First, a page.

ebook, 322 pages.
Read January 5, 2021 to January 7, 2021.
I don’t think I’ve really talked about this awesome new book club I’m apart of. It’s a meet-in-person club with people who actually read the book, all while drinking copious amounts of alcohol with engaging and amazing discussions. Every. Single. Month. I chose The Vegetarian for my read in May and it was epic.
It’s a book lover’s dream and I’m so happy I found it. Born a Crime was another book club read and unlike the last one this book was an unexpected pleasure.
Confession: I have never watched The Daily Show and only knew about Trevor Noah in passing. It wasn’t until I came across this book that I even knew he was from South Africa.
Born a Crime is Trevor Noah’s memoir and testament to his childhood and his country, South Africa, and especially his mother. Trevor Noah is ‘coloured’ and was born during the time of apartheid meaning that he was actually born a crime. He legally wasn’t allowed to exist. His mother is black and his father is white and relations between the two were not allowed, among many of the rules that oppressed the black population of South Africa at the time. The story describes how Noah grew up, how his mom raised him alone, and how he learned and worked within the regimented system that existed in South Africa. Trevor’s story is highly entertaining and engaging while also drawing attention to the intense racial issues that still plague South Africa today. Trevor’s story is also a testament to his mother and everything that she did for him in raising him. If you’ve read the first chapter of this book you also know it involves being thrown out of a moving vehicle to save him. Just one example of how funny, interesting, and captivating Trevor’s story is.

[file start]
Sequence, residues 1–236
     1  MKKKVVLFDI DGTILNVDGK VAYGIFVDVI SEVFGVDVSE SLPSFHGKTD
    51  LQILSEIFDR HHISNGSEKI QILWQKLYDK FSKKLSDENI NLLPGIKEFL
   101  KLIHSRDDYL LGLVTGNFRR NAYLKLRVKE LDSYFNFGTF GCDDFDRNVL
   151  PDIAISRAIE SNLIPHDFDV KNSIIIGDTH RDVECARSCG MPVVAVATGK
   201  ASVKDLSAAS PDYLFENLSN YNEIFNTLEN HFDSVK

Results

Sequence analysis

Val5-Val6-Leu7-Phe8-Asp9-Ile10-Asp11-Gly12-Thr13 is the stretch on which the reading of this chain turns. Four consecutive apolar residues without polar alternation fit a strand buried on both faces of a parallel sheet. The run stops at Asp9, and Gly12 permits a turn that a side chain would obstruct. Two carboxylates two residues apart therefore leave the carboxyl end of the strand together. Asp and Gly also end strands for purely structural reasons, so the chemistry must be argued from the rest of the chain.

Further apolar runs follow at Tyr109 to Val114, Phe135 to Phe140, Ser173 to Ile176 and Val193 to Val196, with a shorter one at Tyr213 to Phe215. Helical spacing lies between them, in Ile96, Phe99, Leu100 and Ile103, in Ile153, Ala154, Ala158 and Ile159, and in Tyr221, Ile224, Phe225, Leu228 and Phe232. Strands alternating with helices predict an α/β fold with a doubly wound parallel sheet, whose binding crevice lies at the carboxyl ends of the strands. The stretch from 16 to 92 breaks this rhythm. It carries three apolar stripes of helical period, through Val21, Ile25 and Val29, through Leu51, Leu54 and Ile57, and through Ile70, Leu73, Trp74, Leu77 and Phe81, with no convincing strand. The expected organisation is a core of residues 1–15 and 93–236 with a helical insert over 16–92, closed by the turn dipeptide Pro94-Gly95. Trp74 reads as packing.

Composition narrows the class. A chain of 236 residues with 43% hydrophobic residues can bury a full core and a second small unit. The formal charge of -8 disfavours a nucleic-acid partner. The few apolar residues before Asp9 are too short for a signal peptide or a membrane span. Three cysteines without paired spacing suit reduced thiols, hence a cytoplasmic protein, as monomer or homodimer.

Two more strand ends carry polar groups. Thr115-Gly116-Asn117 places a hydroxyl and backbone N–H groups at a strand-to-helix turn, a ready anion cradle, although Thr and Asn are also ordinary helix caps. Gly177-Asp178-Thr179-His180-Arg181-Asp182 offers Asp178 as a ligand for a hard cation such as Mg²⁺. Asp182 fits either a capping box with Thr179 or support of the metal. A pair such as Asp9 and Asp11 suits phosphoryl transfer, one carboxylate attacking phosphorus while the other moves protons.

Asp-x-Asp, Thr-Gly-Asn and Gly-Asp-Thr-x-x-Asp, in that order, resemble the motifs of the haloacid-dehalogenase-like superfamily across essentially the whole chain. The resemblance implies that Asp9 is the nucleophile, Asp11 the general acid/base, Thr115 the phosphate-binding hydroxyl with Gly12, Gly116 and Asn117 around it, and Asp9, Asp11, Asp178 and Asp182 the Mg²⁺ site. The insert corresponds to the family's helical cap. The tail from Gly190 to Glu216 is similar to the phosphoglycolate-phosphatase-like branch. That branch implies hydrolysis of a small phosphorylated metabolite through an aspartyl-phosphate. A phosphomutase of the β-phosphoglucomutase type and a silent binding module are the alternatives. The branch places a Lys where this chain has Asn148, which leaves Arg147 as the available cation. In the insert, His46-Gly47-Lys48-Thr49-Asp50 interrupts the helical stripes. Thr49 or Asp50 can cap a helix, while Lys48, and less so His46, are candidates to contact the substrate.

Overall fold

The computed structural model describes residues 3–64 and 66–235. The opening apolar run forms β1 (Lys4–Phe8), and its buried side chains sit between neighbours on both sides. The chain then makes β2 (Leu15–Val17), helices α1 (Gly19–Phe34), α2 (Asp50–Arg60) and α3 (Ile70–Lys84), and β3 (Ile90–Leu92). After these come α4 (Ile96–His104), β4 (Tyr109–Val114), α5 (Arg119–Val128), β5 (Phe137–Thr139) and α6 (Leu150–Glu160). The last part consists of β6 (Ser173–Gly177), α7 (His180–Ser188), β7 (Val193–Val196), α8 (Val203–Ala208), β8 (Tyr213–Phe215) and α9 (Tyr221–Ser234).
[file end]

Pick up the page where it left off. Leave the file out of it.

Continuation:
“My mom did what school didn’t. She taught me how to think.”
Trevor’s story isn’t about his miraculous rise to fame, it’s about his country, his mother, and is a coming of age story for a kid growing up in a difficult situation. Trevor is humble and while he gives some details about his rise to fame he takes a reflective stance about what his new situation means to him and others.
“The first thing I learned about having money was that it gives you choices. People don’t want to be rich. They want to be able to choose. The richer you are, the more choices you have. That is the freedom of money.”
Considering I didn’t even know much about Trevor Noah prior to reading this book I was pleasantly surprised at how much I enjoyed this book and just how humorous it is. A good comedian can make light of serious situations and issues while drawing your attention to these sensitive topics without offensive, Trevor has mastered this.
“If you’re Native American and you pray to the wolves, you’re a savage. If you’re African and you pray to your ancestors, you’re a primitive. But when white people pray to a guy who turns water into wine, well, that’s just common sense.”
Whether you love memoirs or not, I feel that there is something in this book for everyone while also providing a unique insight into difficult part of South African history.